Page last updated at 00:40 GMT, Monday, 2 June 2008 01:40 UK

Jails 'miss out-of-cell targets'

Prison doors
A fifth of inmates said they were out of their cells for under two hours a day

"Impossible" claims about how much time inmates spend out of cells have been made by jails in England and Wales, the Chief Inspector of Prisons has said.

Anne Owers found public sector jails had wrongly reported that they met the government's 10-hours-a-day benchmark.

She also said private prisons, which incur fines for missing targets, had "significantly overestimated" their prisoners' "unlock" times.

The National Offender Management Service said data would be improved.


In June 2007, publicly-run jails claimed that the average unlock time was 10.08 hours per inmate, while privately-run jails said their figure was 11.3 hours.

But a survey carried out for the chief inspector of 6,500 inmates found, in "stark contrast", that only 12% of prisoners in public sector prisons said they were out for 10 hours or more on weekdays.

It was impossible for the Prison Service to be providing the average of 10 hours out of cell it was claiming
Anne Owers
Chief Inspector of Prisons

The figure was 25% in contracted-out jails.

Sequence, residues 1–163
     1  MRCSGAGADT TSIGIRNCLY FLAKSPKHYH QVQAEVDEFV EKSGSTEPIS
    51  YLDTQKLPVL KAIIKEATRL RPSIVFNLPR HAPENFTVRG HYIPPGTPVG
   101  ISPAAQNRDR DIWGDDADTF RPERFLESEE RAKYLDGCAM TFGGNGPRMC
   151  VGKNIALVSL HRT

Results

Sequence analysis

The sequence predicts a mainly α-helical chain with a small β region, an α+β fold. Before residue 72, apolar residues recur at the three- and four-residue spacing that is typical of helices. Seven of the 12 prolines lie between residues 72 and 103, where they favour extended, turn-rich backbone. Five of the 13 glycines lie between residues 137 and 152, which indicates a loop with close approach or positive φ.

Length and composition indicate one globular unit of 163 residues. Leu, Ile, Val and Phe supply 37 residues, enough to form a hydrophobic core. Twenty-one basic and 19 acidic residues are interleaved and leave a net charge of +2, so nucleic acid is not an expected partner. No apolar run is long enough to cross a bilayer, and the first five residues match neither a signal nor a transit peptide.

One-fifth of prisoners overall said they were out of their cells for less than two hours a day.

A separate study found that only three jails out of 17 achieved 10 hours for prisoners with jobs, and none met the target for unemployed inmates.

Ms Owers said that prisons "understandably struggle" with limited resources.

But "it does no good to disguise that fact by over-reporting", she said.

"These figures make clear that it was impossible for the Prison Service to be providing the average of 10 hours out of cell it was claiming."

Prisons often reported "unlock" times on the basis of their timetables rather than what had actually been achieved, the study found.

Phil Wheatley, director-general of the National Offender Management Service, said a "more transparent and auditable" data-gathering system had been introduced.

"This will improve the accuracy of the time-unlocked data in future," he said.

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